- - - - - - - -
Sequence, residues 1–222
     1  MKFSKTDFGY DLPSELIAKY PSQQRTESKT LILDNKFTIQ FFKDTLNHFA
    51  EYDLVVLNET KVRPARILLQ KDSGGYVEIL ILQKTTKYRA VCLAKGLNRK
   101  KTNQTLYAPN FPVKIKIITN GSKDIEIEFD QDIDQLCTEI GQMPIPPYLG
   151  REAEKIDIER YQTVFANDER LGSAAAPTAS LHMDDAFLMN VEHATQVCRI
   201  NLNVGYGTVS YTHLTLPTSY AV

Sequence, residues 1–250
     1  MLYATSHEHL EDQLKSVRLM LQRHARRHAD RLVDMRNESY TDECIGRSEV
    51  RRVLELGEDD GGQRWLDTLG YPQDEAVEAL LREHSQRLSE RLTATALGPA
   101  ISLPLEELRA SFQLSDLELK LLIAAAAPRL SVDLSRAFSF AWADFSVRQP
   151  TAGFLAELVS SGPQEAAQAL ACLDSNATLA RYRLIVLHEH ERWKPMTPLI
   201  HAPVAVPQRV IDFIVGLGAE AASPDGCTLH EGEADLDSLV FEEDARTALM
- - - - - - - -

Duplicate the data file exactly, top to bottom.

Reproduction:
Sequence, residues 1–222
     1  MKFSKTDFGY DLPSELIAKY PSQQRTESKT LILDNKFTIQ FFKDTLNHFA
    51  EYDLVVLNET KVRPARILLQ KDSGGYVEIL ILQKTTKYRA VCLAKGLNRK
   101  KTNQTLYAPN FPVKIKIITN GSKDIEIEFD QDIDQLCTEI GQMPIPPYLG
   151  REAEKIDIER YQTVFANDER LGSAAAPTAS LHMDDAFLMN VEHATQVCRI
   201  NLNVGYGTVS YTHLTLPTSY AV

Sequence, residues 1–250
     1  MLYATSHEHL EDQLKSVRLM LQRHARRHAD RLVDMRNESY TDECIGRSEV
    51  RRVLELGEDD GGQRWLDTLG YPQDEAVEAL LREHSQRLSE RLTATALGPA
   101  ISLPLEELRA SFQLSDLELK LLIAAAAPRL SVDLSRAFSF AWADFSVRQP
   151  TAGFLAELVS SGPQEAAQAL ACLDSNATLA RYRLIVLHEH ERWKPMTPLI
   201  HAPVAVPQRV IDFIVGLGAE AASPDGCTLH EGEADLDSLV FEEDARTALM